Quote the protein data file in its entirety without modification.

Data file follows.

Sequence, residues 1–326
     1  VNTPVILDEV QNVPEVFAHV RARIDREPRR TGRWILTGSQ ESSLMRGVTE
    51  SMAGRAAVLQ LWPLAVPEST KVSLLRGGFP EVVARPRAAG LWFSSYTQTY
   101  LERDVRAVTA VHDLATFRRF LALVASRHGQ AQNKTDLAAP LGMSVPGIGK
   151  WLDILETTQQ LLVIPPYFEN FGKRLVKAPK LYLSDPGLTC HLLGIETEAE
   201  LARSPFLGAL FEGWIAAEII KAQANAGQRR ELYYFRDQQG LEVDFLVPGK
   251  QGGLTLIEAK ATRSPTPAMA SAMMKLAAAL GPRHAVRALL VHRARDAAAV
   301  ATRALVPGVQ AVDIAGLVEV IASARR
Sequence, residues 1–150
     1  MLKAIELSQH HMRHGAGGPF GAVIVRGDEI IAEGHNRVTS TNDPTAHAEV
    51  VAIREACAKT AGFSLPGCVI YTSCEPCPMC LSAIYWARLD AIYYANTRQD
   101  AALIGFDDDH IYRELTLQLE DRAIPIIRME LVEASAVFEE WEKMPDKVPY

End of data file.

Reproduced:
Sequence, residues 1–326
     1  VNTPVILDEV QNVPEVFAHV RARIDREPRR TGRWILTGSQ ESSLMRGVTE
    51  SMAGRAAVLQ LWPLAVPEST KVSLLRGGFP EVVARPRAAG LWFSSYTQTY
   101  LERDVRAVTA VHDLATFRRF LALVASRHGQ AQNKTDLAAP LGMSVPGIGK
   151  WLDILETTQQ LLVIPPYFEN FGKRLVKAPK LYLSDPGLTC HLLGIETEAE
   201  LARSPFLGAL FEGWIAAEII KAQANAGQRR ELYYFRDQQG LEVDFLVPGK
   251  QGGLTLIEAK ATRSPTPAMA SAMMKLAAAL GPRHAVRALL VHRARDAAAV
   301  ATRALVPGVQ AVDIAGLVEV IASARR
Sequence, residues 1–150
     1  MLKAIELSQH HMRHGAGGPF GAVIVRGDEI IAEGHNRVTS TNDPTAHAEV
    51  VAIREACAKT AGFSLPGCVI YTSCEPCPMC LSAIYWARLD AIYYANTRQD
   101  AALIGFDDDH IYRELTLQLE DRAIPIIRME LVEASAVFEE WEKMPDKVPY